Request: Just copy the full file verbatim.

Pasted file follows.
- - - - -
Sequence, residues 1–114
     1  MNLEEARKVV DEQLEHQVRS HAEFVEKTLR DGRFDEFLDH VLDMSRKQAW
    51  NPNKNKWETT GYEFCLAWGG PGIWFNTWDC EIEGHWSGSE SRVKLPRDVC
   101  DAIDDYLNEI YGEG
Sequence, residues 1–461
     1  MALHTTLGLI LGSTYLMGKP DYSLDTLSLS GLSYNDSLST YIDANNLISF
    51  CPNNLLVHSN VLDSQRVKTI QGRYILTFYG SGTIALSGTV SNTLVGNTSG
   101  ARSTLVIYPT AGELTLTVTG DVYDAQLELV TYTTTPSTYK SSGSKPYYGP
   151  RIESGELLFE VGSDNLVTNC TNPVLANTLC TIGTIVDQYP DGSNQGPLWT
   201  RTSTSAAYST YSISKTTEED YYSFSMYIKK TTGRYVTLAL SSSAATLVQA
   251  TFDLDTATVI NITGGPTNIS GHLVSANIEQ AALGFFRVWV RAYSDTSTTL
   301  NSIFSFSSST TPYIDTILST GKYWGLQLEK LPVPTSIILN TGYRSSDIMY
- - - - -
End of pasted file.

Sequence, residues 1–114
     1  MNLEEARKVV DEQLEHQVRS HAEFVEKTLR DGRFDEFLDH VLDMSRKQAW
    51  NPNKNKWETT GYEFCLAWGG PGIWFNTWDC EIEGHWSGSE SRVKLPRDVC
   101  DAIDDYLNEI YGEG
Sequence, residues 1–461
     1  MALHTTLGLI LGSTYLMGKP DYSLDTLSLS GLSYNDSLST YIDANNLISF
    51  CPNNLLVHSN VLDSQRVKTI QGRYILTFYG SGTIALSGTV SNTLVGNTSG
   101  ARSTLVIYPT AGELTLTVTG DVYDAQLELV TYTTTPSTYK SSGSKPYYGP
   151  RIESGELLFE VGSDNLVTNC TNPVLANTLC TIGTIVDQYP DGSNQGPLWT
   201  RTSTSAAYST YSISKTTEED YYSFSMYIKK TTGRYVTLAL SSSAATLVQA
   251  TFDLDTATVI NITGGPTNIS GHLVSANIEQ AALGFFRVWV RAYSDTSTTL
   301  NSIFSFSSST TPYIDTILST GKYWGLQLEK LPVPTSIILN TGYRSSDIMY